The Sweet Taste of Dry Fly Magic

Golden Autumn sunlight highlights the lowest flow of the season on the Beaverkill

Another “rainy day”, yet the rivers are still dropping, as something keeps highjacking the rainfall we are promised. My hope for freshened flows to start the week have been dashed once again, and I resigned myself to the fact that last Thursday’s fishing was likely the end of my dry fly fishing for the year.

I had rigged the Kiley eight footer with a seven weight line, a heavier leader and one of my little pheasant and flash soft hackle creations, and I set about swinging that seductive little fly around the deeper boulders at the tailout of the pool. A twitch produced the feeling of weight, and I stripped quickly to set the hook into a substantial fish. A short, quick run spun the reel and convinced me that I had a good trout, though the dark bottom gave no visual clue despite the startling clarity of the season’s lowest flow.

After a couple more of those short runs I glimpsed a dark fish, thinking brown trout until I got a look at the wide mouth that said smallmouth bass. It was a strong, chunky fish, nearly a foot long, and I recalled the June evening in this place where an unseen foe grabbed my caddis in the darkness, pulled amazingly hard and broke my tippet. Could that have been a smallie measured in pounds rather than inches?

I had seen a tiny dimple or two around the rocks closer to shore, and expected small bass or chubs might be frolicking in the low water. I was pleasantly surprised when a nice ring appeared, and I retrieved my line and cut the wet fly from the leader. I checked the 4X tippet for nicks and, finding none, I plucked a Grizzly Beetle from my pack, knotted it fast and watched for another rise.

Whatever the fish was that was sipping among the rocks, it showed no interest for my beetle, so I cut it off and pulled four feet of 5X fluorocarbon from its spool to affix a proper dry fly tippet. When all was ready I waited for a new rise, as the mystery fish seemed to be moving around. When it came I lofted the line and dropped the beetle upstream, learning within a few more casts that it wasn’t the tippet that kept that fish from taking my fly.

I hadn’t seen anything in the air or on the water, but now I crouched and searched the mirror intently. Something drifted past just out of reach, buggy looking but unidentifiable. Scanning upstream I finally saw a tiny pair of mayfly wings drifting along.

The beetle was exchanged for a size 20 olive, one of my T.P. Duns with a sparse trailing shuck. I fluffed the wing but chose not to add floatant, hoping the fly would settle a bit into the glassy film and give the appearance of a trapped dun: an easy meal. While choosing the fly and tying it on, my mystery fish rose with a heavy bulge and a soft dimple, making it quite clear that my quarry was a substantial fish, and likely the trout I was hoping for. Decades ago I had fished the white mayfly hatch on the Susquehanna River during extreme low water, and saw smallmouth bass sipping the flies very daintily in the shallow flats, so a bit of doubt remained as I made my first cast.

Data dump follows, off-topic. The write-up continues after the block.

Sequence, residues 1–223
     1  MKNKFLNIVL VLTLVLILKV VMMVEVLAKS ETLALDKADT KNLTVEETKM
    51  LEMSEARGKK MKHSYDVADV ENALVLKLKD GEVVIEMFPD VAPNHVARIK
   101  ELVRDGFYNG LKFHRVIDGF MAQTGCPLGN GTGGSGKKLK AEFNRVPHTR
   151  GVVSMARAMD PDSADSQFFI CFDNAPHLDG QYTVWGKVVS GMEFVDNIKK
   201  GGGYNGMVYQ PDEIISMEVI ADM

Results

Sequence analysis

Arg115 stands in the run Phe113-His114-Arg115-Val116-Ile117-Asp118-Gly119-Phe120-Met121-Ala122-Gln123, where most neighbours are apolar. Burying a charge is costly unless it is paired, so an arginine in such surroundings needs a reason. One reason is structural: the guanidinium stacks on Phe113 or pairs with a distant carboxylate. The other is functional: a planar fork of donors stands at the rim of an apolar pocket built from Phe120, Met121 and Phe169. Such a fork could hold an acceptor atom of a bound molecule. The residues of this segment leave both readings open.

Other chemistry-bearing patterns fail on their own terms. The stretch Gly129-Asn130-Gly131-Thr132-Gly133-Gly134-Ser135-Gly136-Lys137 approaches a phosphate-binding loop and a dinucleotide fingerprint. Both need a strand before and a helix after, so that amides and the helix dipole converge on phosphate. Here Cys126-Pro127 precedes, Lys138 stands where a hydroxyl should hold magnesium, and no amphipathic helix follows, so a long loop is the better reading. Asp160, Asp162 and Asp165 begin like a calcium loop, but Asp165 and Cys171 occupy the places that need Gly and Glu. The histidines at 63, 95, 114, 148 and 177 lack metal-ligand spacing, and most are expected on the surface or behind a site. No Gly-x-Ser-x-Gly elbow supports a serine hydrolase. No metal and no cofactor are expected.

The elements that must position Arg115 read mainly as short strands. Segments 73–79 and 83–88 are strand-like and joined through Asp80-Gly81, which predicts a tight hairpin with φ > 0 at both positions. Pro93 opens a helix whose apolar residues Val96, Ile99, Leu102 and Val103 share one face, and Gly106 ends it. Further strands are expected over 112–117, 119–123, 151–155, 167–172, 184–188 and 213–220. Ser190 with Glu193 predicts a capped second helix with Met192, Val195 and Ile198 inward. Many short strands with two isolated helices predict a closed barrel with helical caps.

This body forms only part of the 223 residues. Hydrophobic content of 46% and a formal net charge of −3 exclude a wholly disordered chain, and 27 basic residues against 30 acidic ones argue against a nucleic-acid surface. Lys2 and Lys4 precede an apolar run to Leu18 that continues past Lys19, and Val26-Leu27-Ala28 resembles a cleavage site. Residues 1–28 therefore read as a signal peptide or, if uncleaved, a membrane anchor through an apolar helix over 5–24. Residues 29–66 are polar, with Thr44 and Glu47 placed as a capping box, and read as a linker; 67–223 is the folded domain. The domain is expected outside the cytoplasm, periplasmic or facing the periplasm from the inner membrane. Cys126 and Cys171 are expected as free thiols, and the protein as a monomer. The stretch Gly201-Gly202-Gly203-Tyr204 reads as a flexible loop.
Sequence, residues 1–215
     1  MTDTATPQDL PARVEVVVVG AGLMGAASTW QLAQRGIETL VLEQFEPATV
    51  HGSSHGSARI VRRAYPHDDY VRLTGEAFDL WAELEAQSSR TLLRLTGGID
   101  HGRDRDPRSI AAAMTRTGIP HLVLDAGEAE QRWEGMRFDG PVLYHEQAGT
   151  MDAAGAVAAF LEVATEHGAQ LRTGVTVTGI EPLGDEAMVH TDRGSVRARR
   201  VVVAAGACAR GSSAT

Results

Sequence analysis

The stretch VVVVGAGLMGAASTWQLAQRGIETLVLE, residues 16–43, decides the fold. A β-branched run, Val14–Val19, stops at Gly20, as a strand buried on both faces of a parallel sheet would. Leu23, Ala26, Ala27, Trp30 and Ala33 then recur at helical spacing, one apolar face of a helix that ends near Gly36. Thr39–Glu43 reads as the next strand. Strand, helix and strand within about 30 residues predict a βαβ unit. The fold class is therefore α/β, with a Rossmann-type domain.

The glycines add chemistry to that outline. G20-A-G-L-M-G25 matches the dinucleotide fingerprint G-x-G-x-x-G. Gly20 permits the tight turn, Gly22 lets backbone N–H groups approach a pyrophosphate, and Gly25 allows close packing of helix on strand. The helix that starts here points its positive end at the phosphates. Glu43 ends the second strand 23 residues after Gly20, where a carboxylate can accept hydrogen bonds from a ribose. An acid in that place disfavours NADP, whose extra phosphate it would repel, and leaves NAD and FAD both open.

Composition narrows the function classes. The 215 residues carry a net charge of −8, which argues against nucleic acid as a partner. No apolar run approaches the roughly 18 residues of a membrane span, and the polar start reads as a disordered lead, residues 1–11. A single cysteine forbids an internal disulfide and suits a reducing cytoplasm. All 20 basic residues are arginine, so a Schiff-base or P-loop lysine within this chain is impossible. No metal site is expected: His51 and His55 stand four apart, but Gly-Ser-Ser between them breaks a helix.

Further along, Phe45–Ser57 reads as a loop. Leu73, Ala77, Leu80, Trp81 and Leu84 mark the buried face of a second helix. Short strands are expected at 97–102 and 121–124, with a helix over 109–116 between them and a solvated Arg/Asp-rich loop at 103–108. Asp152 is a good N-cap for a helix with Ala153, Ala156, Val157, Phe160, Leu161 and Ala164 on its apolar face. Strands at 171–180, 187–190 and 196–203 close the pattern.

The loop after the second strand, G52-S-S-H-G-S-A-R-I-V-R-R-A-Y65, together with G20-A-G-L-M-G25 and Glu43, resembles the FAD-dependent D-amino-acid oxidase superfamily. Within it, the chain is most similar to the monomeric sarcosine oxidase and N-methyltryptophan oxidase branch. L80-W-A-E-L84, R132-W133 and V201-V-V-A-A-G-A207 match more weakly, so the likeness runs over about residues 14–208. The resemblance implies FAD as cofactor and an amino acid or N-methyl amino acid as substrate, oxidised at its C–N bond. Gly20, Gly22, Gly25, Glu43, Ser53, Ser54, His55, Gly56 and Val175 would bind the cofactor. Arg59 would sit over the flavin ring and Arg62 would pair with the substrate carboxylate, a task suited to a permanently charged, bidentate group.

It is my habit to make that first cast short, allowing a chance to check the drift with the fly far enough from the fish that any unexpected drag won’t spook the riser. The float looked perfect, so I picked the fly up once it had drifted well downstream, fed a few feet of line into the back cast, and made a down and across stream reach cast right on the mark. The fly drifted down a foot and a new bulge and dimple engulfed it!

The fish pulled hard and ran downstream, pulling the slack line through my fingers as I worked to control that first rush and get him on the reel. The boulder field worried me, so I kept the tip of the rod elevated, letting the big fish fight the arc of the supple cane. The Kiley has a lot of flex for a seven weight fly rod, and I used it to full advantage. My first look came as I drew him close, a brown trout easily topping twenty inches!

That fine brownie wasn’t happy dueling in such shallow water, and ran again against the drag. He reached the deeper boulders but the sweep of bamboo turned him short of any hangups, and we continued our dance back and forth, and all the way to my waiting net. He was heavy and beautiful, twenty-two inches of autumn brown trout that chose to rise at just the right moment.

Once he darted away to the safety of his boulder field, I scanned upstream and down for a sign of additional mayflies and another rise. There were none to be found. Dry fly magic: that brown had appeared in front of me for the briefest moment, one chance to make the afternoon particularly memorable; truly a gift from the river.

Can you imagine fishing a size 20 dry fly on glassy water with a seven weight graphite rod? Not a high probability of success in that scenario, but bamboo adapts. I extended my leader to roughly thirteen feet, and the sweet action of the bamboo allowed the gentlest of presentations where there was no margin for error. Is it any wonder I love fishing bamboo?

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